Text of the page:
Contra Theatre’s Kingdom tackles a complex, disturbing subject with nuanced precision
Kingdom is a story about long-term captivity and the complicated ways that can play out. It’s about memory, imagination, and how humans can and do adapt to terrifyingly horrible circumstances.
I brought my friend Josh along as my companion tonight. He has a particular interest in stories of long-term captivity. Back when the world learned about Elizabeth Smart, he was glued to the television set. More recent stories, like the Ariel Castro kidnappings, kept him glued to his laptop. Sadly these stories are all too common off-stage, but we were both excited to see how such a tale would be woven on-stage.
I’m happy to say neither of us were disappointed. In fact, discussing the show afterwards, neither of us could find any meaningful flaws.
Walking into the Tarragon Theatre‘s Workspace — an intimate room with limited space — we first noticed child-like drawings perched on each chair. We discovered — to our delight — that these were in fact the programs. Yes! You get to keep the drawings!
The set was perfect: dark, small, yet fit for a captive princess. It was complete with a tiny bed, a tiny desk, tiny chairs, in all manner of pink, and yet it maintained a dungeon-like vibe.
Before the show officially began, Scout (Annelise Hawrylak) scampered about, drawing the “walls” with pink chalk around the perimeter of the stage. A mysterious character (whose story I won’t reveal here), she completely embodied a curious, mischievous, innocent little girl. Her language, fluid and effortless movements (like dramatically sighing and dropping weightlessly to the floor), and facial expressions made it easy to forget we were watching an adult.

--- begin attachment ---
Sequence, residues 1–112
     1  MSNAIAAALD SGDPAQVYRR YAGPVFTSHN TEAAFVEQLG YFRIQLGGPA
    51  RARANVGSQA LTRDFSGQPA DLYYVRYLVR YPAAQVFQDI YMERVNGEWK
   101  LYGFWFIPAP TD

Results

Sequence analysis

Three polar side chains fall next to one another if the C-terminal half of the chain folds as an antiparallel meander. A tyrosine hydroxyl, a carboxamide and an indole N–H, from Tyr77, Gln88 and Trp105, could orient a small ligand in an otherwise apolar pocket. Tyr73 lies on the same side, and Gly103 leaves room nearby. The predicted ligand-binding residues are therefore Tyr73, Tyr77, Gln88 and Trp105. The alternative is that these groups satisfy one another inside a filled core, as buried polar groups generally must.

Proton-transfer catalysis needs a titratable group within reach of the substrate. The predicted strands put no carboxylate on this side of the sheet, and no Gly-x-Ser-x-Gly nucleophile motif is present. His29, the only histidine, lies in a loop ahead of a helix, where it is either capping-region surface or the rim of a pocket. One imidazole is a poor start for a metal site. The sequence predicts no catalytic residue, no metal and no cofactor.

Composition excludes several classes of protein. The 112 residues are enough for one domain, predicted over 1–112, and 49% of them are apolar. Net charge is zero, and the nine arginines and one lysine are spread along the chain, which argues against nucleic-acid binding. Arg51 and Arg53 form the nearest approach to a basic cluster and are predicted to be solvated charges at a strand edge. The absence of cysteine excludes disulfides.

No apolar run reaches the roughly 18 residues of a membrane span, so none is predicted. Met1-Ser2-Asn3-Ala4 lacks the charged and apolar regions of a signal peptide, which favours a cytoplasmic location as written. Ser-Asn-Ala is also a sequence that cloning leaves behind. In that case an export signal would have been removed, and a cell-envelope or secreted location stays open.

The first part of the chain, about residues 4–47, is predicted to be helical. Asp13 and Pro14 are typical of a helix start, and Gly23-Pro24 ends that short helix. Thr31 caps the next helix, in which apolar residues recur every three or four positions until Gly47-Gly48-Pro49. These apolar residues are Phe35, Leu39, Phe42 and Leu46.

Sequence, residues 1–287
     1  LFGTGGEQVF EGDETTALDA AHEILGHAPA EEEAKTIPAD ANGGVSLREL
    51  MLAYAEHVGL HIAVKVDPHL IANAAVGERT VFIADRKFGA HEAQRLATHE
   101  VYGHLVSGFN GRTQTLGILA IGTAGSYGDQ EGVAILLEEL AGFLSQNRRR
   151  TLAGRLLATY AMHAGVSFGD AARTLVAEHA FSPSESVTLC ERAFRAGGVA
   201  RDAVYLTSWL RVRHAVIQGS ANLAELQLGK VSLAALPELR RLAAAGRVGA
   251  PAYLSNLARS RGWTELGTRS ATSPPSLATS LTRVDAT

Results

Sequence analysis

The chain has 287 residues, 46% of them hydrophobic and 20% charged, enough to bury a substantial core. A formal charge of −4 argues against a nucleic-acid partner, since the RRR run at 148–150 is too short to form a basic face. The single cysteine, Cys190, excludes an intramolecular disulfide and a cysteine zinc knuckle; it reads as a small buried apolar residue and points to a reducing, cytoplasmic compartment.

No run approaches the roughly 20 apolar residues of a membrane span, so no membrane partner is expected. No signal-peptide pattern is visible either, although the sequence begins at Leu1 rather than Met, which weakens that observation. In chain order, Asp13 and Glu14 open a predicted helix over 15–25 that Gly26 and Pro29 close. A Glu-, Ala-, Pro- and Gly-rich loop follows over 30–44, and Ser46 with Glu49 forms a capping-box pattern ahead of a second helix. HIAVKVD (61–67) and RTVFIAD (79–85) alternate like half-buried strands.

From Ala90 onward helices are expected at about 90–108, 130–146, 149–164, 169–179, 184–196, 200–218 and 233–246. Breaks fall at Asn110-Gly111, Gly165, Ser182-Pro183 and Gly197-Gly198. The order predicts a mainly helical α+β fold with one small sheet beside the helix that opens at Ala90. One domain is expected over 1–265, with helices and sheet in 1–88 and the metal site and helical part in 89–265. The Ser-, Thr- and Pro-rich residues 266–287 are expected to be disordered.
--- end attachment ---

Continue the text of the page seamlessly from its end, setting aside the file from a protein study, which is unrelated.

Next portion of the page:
Next we meet Nora (Meghan Greeley), the captive princess. It all seems so cute at first, with Scout playfully waking her. But it soon becomes clear that days are being tracked on a calendar, and that years have passed in this tiny room. Nora is the responsible, older, more cautious contrast to Scout.
Again, the performance was incredible. The way she quietly, carefully dresses, prepares herself, and delivers her lines — which in my opinion are part of a magnificent, subtle, powerful script — let us forget that we were watching a grown actress, not a teenaged captive suffering from pretty serious Stockholm syndrome. Her performance was restrained, as befit her character, and very intense.
Just as the tension starts building, Sir (David Ferry) emerges, and I am immediately creeped out. If I had to describe or picture an image of a child kidnapper, it would be him. On the surface he may look “normal” enough, but there’s a tension brimming below his surface.
Everything about his character — from the slicked-down hair, to the glasses, the suit, and even his stubble — screamed CREEP. While there were some well-timed angry outbursts, his performance was incredibly nuanced and a bit reserved, and he said a lot without using words. I suggest a good seat with an unobstructed view of his face.
There was nothing over-the-top about the performances, and his stood out to me in particular. It may be the best performance I’ve seen on stage yet. It must be difficult for actors to step into dark, scary roles like this one, but he completely owned it. To myself and Josh, he WAS that creepy stranger danger our parents warned us about.
The content of this story is disturbing, but they skirted the line between effective and overly graphic very well. Much was hinted at rather than uncomfortably shown. I won’t tell you what ultimately happens, but I will say this: if you like really amazing acting and darker subjects, don’t miss Kingdom.
Photo provided by the company